I have spent a lot of time trying to figure out what ‘Agile’ is. Back in the early/mid 2000s, after the tech bubble and before the great recession of 2008, there was a brief period of optimism and solidarity in software engineering. We learned a lot from the booming late 90s and from the bubble bursting in 2001. Aside from the economic turmoil there was also turmoil in the personal lives of engineers and developers.  120 hour work weeks, sleeping in the office, breakups, divorces. It was a lot like the gold rush out west in the 1800s, but instead of a material commodity it was information and access/sharing of that information that began really generating revenue and movement.  Along with individuals going gangbusters to get a piece of the information/technology pie, large companies became more excited or greedy about getting a piece of the pie or even a bigger piece of the pie. This lead to many companies rushing plans together that were not the most well thought out and squeezing every drop of production out of their employees.  California, being one of the first to go through a cycle like this, implemented their overtime law. This basically says that even if an employee is on salary, if they work over 40 hours they’re entitled to 1.5 X their pay per hour.  This was implemented because companies were hiring their employees and paying them a ‘good’ salary but then pushing them to work 3X as many hours and thus resulting in a pay cut in reality.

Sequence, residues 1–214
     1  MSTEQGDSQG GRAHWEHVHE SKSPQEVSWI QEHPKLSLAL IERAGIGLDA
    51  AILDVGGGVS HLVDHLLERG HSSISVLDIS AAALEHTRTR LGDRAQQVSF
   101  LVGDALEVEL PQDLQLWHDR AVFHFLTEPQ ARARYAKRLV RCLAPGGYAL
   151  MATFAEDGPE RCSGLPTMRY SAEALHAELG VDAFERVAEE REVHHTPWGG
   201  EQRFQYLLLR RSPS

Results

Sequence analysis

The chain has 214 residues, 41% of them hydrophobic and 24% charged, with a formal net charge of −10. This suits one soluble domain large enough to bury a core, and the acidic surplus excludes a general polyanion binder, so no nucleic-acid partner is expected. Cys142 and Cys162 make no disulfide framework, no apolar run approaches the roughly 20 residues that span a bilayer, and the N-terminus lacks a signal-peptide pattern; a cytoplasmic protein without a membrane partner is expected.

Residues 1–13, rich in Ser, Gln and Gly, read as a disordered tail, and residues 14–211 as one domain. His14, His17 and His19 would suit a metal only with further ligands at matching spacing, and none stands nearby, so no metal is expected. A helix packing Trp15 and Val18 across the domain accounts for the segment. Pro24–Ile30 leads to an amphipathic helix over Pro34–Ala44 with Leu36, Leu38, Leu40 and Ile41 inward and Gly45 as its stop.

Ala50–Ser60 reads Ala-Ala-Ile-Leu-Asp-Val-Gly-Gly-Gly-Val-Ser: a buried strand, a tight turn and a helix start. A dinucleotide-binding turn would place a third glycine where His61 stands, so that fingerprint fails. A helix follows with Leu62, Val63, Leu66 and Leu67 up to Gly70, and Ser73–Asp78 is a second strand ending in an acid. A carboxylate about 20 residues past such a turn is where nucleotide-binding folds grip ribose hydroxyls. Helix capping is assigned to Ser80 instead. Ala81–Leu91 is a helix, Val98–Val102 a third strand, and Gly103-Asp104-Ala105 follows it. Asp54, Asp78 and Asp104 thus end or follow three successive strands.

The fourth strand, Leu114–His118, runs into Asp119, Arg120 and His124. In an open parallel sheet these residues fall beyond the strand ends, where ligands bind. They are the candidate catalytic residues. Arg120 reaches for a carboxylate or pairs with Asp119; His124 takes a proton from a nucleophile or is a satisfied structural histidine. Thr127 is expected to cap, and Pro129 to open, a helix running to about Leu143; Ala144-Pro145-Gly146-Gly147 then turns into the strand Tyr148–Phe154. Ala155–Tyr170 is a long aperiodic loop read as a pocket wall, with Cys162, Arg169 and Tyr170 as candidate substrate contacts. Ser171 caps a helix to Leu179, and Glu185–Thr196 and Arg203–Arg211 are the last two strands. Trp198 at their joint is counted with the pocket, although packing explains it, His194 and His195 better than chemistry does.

We Respond And Change

After living through and seeing all this happen through the 60s, 70s, 80s and then the 90s, a group of experience people got together and started….’Agile‘!  This is Agile…right here…on the next line…that’s it…read it and pay attention!

We are uncovering better ways of developing
software by doing it and helping others do it.